Dickstein Shapiro

You know associates are pissed when they end their emails to Above the Law with lines like this one, from a message we received last night:

NO ONE SHOULD COME HERE. EVERYONE HERE SHOULD LEAVE.

Jacob Riis photographs associates at one Biglaw firm

That’s what happens when you tell your associates that they’re going to get paid significantly below market and like it.

Several firms have not yet announced spring bonuses, and associates at these firms are annoyed. But there are only a handful of Biglaw firms that cut associate salaries back during the recession and have not yet brought their people back to market-level base compensation.

One of the firms that is lagging behind the rest of the market had an “all associates” conference call yesterday, during which management tried to explain why associates were being underpaid and undervalued by the firm.

Let’s just say that not everyone felt like a winner

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* Khalid Sheikh Mohammed will be tried by a military commission at Guantanamo, but John Yoo is still not satisfied. He wants to capture people and hold them indefinitely without trial proof that the Obama Administration can conduct terror trials successfully. Obviously, the elegant solution is to make KSM live in Yoo’s basement until one of them begs for an impartial arbiter. [Ricochet]

* If you ever read the warnings on your prescriptions, I think this is what you’ll see (by Jeremy Blachman). [McSweeney]

* There is an epidemic of people slamming automobiles into legal structures. [ABA Journal]

* Stephen Colbert interviews a former Cravath attorney, Roy Den Hollander. I wish Colbert would do a “better know a law firm” series. [The Careerist]

* From Skadden to Dickstein Shapiro to stay-at-home mom. [But I Do Have A Law Degree...]

* This April Fool’s Blawg Review is no joke. [Fools in the Forest via Blawg Review]

* How would you describe a typical day in the life of an associate? (Hint: it’s a trick question.) [YouTube via Schola2Juris]

We’re hearing reports — not yet confirmed, so please take them with the proverbial grain (or shaker) of salt — that Winston & Strawn has rescinded some or all of its offers to partners of Howrey.

The supposed catalyst for the collapse: antitrust star Sean Boland, who had been leading the talks on the Howrey side, pulling out of the deal. It has been rumored that he might take his team not to Winston but to Baker Botts (which has already absorbed other Howrey talent).

What we do know for certain is that the partner exodus from Howrey continues. Here is the latest confirmed news.

UPDATE: Various updates have been (and are still being) appended — after the jump….

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Dickstein Shaprio still basically relevant logo.JPGAdd Dickstein Shapiro to the list of firms that have decided to do away with lockstep associate compensation. As of January 22, Dickstein will adopt a new merit-based compensation system. Like many firms that have abandoned lockstep, Dickstein will be using a three-tiered system, similar to Orrick’s compensation structure.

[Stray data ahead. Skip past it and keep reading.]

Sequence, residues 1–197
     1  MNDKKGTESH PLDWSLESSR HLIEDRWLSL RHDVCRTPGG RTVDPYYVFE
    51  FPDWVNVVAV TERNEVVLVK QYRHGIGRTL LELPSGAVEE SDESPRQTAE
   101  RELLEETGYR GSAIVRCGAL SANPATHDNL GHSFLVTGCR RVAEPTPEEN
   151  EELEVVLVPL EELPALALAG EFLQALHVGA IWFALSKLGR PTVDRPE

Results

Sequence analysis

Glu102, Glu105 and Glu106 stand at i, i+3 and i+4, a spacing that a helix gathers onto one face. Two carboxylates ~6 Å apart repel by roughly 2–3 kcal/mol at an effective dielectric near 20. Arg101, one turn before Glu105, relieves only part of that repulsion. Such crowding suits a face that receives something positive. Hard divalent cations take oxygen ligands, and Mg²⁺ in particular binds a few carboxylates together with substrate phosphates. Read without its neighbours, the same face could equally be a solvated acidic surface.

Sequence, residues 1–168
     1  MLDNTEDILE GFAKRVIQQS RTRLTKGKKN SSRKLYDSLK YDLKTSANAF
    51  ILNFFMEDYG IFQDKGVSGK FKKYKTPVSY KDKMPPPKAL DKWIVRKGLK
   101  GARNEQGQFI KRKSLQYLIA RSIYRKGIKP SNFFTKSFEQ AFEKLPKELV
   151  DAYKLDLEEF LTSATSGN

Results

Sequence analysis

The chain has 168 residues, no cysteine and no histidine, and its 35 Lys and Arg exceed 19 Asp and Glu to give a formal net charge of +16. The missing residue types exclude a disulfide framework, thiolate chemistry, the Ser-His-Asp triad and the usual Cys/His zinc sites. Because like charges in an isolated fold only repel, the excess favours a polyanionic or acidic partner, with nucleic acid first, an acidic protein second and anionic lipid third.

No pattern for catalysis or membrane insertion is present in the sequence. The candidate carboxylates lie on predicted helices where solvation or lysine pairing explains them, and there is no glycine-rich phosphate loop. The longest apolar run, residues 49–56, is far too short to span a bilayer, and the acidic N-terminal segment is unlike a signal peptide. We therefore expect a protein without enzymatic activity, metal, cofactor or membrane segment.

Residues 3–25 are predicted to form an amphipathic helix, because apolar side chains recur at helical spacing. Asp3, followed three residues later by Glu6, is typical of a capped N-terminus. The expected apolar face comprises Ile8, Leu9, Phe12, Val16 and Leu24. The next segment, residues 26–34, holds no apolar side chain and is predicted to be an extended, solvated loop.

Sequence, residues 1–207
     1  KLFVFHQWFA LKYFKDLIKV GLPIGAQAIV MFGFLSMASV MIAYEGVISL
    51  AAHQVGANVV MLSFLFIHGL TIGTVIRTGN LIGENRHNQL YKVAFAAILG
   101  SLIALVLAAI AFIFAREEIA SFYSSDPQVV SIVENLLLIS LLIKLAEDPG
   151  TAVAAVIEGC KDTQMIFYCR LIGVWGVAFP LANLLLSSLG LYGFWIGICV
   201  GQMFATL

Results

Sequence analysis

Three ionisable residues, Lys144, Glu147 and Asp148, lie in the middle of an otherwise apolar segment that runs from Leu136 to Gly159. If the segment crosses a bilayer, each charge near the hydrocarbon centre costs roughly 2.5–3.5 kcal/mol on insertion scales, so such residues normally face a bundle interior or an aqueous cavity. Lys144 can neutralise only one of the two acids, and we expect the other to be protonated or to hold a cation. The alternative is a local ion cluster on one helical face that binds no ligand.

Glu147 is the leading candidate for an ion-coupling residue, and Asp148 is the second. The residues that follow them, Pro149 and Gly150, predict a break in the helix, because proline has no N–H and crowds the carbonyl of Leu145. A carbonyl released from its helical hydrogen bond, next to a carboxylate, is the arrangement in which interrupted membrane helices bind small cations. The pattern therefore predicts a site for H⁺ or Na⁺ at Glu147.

Starting salary for new Dickstein associates will be $145,000. Or maybe it will be $160,000. Honestly, I can’t tell you with certainty what new associates will be making.

It’s not my fault. I read the original memo and everything. I talked to friends and sources and a spokesperson for the firm. I prayed on it. I just can’t seem to pin down one solid number for first-year associate salaries.

After the jump, why don’t you guys take a look at the memo? Maybe you’ll have more success divining its meaning than I did.

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2009 Associate bonus watch above the law.JPGWe’re still catching up on associate bonus news. There have been some memos we’ve missed, including some from last month (technically, last year). If we haven’t reported on your firm’s bonus announcement, please email us. Don’t assume that one of your colleagues will submit the memo; that’s not necessarily the case.

Today we belatedly bring you bonus news from Kasowitz Benson. On December 31, the firm announced “benchmark” bonuses that appear to follow the Sullivan & Cromwell scale. But the memo notes that these are just “benchmark amounts, which are subject to adjustment to reflect individual performance and hours worked.” In the memo’s bonus table, the words “of up to” appear in between the words “Year-end bonus” and the dollar amount.

In addition, even some Kasowitz associates who received the full market amount aren’t happy. Find out why, and check out the full memo, after the jump.

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law firm holiday card contest AboveTheLaw Above the Law.jpgBefore Christmas, we highlighted one law firm holiday card that we particularly enjoyed (from Haynes and Boone). We also invited readers to email us with other holiday cards we might enjoy. We stated that, if we received sufficient submissions, we might even hold a contest.

Lo and behold, we did receive enough entrants. So we are happy to hold Above the Law’s first holiday card contest.

Check out the nominees and vote — you’re stuck in the office between Christmas and New Year’s, and you’re bored — after the jump.

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